The best compliment that I could think to give The Woman in Black, Susan Hill’s chilling 1998 novel, is that it in a number of ways reminds me of my favourite novel – Wuthering Heights.
As the novel opens, the protagonist and narrator Arthur Kipps is an middle-aged, remarried widower, living happily with his wife in a remote, Bronte-esque homestead, bordered by rough scrub, rivers, patches of wilderness and farm country.
As in Wuthering Heights, the story is told retrospectively. All of the significant events have already taken place and, unlike those that have passed, Arthur has the luxury of being able to reflect on the details of his time at Crythin Grifford more than 25 years later, and on his “own foolish independence and blockheadedness in ignoring all the hints and veiled warnings” about Eel Marsh House.
Also like Wuthering Heights, the inclement weather is a precursor to all of the story’s gloomy and paranormal happenings. A “chilling rain and a mist… lay low about the house and over the countryside” and Arthur is “cast down in gloom and lethargy” as he begins to recount his story.
Now with the plot firmly planted in the past, the reader is presented with 23-year-old Arthur in the prime of his life. His career as a lawyer looks set to prosper; he has met the woman that he will marry; and he is content and happy before being sent to arrange the affairs of the recently departed Mrs Alice Drablow.
Young Arthur Kipps is a real, pleasant and likable character – he is rational, curious and sensibly cynical. He is aware of his own flaws and follies and does not attempt to paint himself in a positive light.
The Drablow residence, Eel Marsh House, is “a tall, gaunt house of grey stone with a slate roof, that now gleamed steelily in the light.” Arthur also describes is as “isolated, uncompromising… [and] handsome.”
In adapting the book’s two main characters – Arthur, and Eel Marsh House – the filmmakers take many liberties. They are, of course, making a haunted house horror movie, and must incorporate all of the stereotypes and hyperbole that have come to be expected from this genre.
While the young Arthur Kipps of the book is innocent, optimistic, unencumbered and naïve, the Arthur Kipps played by Daniel Radcliffe is already forlorn, grief-stricken and accustomed to life’s tragedies. The handsome old house is similarly transformed into an eerie, dilapidated mansion, complete with antler chandeliers, overgrown vines, cobwebs and mildew, sheets over the disused furniture, and ominous crows cawing.
Susan Hill writes with concise simplicity and with a rhythmic pace. No word seems superfluous as she beautifully and elegantly describes the house, the landscape and the people who inhabit it. There is no need for shock tactics, as Hill builds the suspense slowly – giving just enough clues so that the reader is enticed to continue, all the while anticipating the inevitable:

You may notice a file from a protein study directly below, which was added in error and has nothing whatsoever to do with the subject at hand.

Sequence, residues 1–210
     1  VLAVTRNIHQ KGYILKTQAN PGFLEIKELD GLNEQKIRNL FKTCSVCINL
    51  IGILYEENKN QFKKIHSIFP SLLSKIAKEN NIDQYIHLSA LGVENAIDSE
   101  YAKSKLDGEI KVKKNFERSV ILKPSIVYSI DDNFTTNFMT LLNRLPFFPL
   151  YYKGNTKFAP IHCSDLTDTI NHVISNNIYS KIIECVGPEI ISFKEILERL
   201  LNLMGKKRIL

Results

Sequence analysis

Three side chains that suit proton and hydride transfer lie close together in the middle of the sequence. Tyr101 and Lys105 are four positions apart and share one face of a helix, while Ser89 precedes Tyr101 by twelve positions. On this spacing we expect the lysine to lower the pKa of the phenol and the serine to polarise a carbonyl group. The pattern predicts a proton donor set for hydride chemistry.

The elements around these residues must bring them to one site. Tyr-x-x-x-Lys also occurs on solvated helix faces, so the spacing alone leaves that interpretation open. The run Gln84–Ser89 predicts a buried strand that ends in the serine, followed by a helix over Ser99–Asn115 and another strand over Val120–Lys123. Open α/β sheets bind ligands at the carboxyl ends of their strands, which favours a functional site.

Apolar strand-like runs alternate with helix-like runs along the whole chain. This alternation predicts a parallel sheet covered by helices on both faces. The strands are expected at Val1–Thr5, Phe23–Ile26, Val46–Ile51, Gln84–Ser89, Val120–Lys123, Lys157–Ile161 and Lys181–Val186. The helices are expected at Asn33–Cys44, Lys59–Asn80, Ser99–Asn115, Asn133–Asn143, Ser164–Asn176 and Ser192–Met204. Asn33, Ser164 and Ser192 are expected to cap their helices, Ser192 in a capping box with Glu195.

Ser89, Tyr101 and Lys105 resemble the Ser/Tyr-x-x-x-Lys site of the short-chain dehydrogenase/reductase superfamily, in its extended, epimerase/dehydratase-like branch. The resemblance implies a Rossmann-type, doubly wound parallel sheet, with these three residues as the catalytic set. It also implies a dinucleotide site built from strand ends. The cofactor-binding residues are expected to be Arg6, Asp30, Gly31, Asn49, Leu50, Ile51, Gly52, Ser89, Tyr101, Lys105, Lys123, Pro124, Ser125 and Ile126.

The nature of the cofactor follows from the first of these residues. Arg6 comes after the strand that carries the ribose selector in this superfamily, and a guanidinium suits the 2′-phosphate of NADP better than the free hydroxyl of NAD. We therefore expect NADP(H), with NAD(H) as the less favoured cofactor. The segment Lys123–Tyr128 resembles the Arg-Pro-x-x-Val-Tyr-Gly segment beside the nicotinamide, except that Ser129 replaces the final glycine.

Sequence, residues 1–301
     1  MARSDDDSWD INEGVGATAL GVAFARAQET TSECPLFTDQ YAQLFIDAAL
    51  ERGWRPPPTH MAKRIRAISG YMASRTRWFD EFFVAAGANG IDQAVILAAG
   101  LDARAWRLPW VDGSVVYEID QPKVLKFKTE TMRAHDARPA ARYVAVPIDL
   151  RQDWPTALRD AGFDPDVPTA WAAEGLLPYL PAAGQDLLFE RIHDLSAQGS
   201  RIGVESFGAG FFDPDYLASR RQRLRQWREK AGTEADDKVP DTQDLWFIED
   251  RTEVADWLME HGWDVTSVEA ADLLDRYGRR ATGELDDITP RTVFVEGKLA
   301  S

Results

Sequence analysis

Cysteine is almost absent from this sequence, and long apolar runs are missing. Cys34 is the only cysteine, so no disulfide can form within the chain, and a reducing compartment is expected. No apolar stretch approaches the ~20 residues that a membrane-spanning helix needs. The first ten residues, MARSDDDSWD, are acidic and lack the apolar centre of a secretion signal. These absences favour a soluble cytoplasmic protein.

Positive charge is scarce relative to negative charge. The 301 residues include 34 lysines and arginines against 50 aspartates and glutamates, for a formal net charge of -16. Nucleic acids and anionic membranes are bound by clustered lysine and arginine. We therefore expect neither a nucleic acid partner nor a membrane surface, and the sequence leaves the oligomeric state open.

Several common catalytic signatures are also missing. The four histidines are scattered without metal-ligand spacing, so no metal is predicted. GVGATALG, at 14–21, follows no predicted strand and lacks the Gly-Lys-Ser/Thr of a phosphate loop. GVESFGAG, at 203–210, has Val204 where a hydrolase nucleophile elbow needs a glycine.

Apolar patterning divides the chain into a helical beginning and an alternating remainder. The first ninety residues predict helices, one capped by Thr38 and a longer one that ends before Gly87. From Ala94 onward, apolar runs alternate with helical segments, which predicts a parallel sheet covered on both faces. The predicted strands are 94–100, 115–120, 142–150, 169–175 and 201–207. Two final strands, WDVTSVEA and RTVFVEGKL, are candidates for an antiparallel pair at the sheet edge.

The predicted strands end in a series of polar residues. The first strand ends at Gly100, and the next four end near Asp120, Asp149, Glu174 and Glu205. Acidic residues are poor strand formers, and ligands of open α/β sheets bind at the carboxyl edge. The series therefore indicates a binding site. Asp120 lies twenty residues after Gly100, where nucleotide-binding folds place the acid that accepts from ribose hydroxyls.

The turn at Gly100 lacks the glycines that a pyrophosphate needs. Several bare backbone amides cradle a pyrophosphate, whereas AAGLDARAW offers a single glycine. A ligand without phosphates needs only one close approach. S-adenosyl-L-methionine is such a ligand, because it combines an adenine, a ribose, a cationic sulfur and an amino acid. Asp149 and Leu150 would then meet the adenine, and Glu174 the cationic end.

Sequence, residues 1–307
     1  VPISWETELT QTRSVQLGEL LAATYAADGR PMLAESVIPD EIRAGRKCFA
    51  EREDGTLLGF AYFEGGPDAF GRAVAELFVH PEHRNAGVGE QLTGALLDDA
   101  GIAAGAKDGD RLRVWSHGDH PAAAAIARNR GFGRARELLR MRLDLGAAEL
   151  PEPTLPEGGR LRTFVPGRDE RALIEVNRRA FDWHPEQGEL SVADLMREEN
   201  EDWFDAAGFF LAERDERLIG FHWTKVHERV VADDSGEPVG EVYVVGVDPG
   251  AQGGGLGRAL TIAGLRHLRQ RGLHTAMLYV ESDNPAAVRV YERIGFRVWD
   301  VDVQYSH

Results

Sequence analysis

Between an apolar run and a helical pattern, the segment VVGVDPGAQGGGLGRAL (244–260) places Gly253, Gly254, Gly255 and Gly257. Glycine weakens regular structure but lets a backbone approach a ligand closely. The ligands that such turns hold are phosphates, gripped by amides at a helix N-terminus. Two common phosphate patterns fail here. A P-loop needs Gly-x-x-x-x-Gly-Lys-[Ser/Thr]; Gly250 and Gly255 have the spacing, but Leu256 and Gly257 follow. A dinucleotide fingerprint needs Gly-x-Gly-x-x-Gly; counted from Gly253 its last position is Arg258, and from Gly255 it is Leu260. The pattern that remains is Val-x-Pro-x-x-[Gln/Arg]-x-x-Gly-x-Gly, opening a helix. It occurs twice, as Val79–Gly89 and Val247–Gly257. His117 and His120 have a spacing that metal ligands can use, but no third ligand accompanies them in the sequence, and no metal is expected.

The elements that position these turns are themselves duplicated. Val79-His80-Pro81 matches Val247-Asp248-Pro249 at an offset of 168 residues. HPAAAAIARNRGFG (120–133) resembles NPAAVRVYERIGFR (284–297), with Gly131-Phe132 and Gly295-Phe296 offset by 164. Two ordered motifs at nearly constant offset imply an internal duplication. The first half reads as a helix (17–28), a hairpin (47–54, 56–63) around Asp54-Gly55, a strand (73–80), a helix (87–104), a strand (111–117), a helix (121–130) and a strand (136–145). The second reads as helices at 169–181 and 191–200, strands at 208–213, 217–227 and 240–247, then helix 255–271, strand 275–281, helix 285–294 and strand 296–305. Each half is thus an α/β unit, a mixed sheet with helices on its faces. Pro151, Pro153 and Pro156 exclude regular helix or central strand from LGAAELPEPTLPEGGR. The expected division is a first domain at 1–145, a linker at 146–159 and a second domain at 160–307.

“If I had been afraid at what had happened in this house so far, when I reached the end of the short corridor and saw what I did see now, my fear reached a new height.”
In the 2012 film, the horror is much more overt. From the opening scene, where three young girls suddenly plunge to their deaths from a high hotel window, it is clear that the eerie impact of the Woman in Black will be more than just an old ghost story – it will be real and tangible.
In the book, Arthur is greeted in Crythin Grifford by a mixture of quiet, evasive and sympathetic townsfolk – in the film, they are openly terrified and hysterical, and soon descend into an angry mob.
The haunting of Eel Marsh House is also much, much more obvious. In the book, Arthur was always trying to rationalise the creaking rocking chair and the cries from the marsh – wondering if they were part of his own imagination. In the film, the paranormal is much more forthcoming – from the scores of dead children in the grounds of Eel Marsh House, to the violent appearances of the Woman in Black herself.
In the book, the thrill is in what you cannot see – the anticipation, the unknowing – in the film, where the visual is everything, what you see is much more important.
The sequence of events of the novel have also been significantly altered in the film:
- No longer a retrospective tale, the story unfolds in the present – Arthur’s wife is already dead when story begins, and he has enlisted the help of a nanny to care for his young son.
- Kipps is told of the death of Alice Drawblow’s son before he visits Eel Marsh House, and he finds the death certificate immediately following his arrival. That, with the cross in the marshland, makes the back-story of the house immediately clear.
- Kipps doesn’t attend Alice Drablow’s funeral in the film – the first time he sees the Woman in Black is from a distance at Eel Marsh House.
In a book, it is completely acceptable for an ending to be unresolved or negative, but filmmakers always tend to try to put a positive twist on things. In Susan Hill’s The Woman in Black, Arthur Kipps never fought back against the curse of Eel Marsh House; his bravery extended only as far as staying true to his task of finding Alice Drablow’s documents despite his fear of the house. In the film, Arthur gallantly attempts to solve the mystery, banish the town of its ghost, and save his own fate.
Although the two tales end very differently, but the impact on the viewer is the same – it leaves you with a chill, a shudder, and a pounding heart.
Book or Big Screen? Book
The film is: 4. A fine adaptation that maintains the original’s exceptional qualities
What's coming next? A review of Breaking Dawn Part II